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Police in schools 'not the answer,' coalition says, urging broader strategy

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Pat-downs and tickets for truancy “make us feel unsafe and unwelcome in our own schools,” said Tanisha Dennard, a member of the Youth Justice Coalition in the Los Angeles area, during the conference call. As a student in LA, she said, she couldn’t afford bus fare and was not given the chance to explain her tardiness when she had to walk to school. Because her mother couldn’t pay the hefty fines issued at school by police, she ended up in the juvenile justice system.

Yet advocates of school-based police, often known as school resource officers (SROs), say that if they are properly trained, they are a valuable part of any school’s safety strategy, and expanding their role around the country can only help.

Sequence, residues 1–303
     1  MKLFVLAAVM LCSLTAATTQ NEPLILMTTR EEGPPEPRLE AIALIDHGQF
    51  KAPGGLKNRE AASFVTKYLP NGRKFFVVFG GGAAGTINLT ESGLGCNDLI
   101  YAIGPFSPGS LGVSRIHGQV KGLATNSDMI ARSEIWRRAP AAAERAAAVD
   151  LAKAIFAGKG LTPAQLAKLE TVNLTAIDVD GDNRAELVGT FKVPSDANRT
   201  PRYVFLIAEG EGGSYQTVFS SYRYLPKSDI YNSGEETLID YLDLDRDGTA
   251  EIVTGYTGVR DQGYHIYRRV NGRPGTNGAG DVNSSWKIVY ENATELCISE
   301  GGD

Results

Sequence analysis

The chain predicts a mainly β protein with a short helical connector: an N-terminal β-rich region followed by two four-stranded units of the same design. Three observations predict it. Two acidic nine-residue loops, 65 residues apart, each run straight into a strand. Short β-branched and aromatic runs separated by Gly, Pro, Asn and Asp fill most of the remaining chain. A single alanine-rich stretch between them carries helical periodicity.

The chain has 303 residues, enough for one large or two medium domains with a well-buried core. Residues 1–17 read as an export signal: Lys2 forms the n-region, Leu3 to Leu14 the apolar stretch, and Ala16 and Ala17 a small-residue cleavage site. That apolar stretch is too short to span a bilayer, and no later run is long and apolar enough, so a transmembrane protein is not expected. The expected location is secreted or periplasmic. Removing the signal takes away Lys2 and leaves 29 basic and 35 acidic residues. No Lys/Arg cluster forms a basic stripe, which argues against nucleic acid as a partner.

A resource officer isn’t just an “armed guard” at a door, but someone who builds relationships with students, helps resolve conflicts, and serves as a deterrent to crime and violence, says Mo Canady, executive director of the National Association of School Resource Officers (NASRO) in Hoover, Ala.

While gun attacks on a school are rare, he points to the example of an SRO in California who ended such an attack by shooting and disabling a student who fired a shotgun through a school window.

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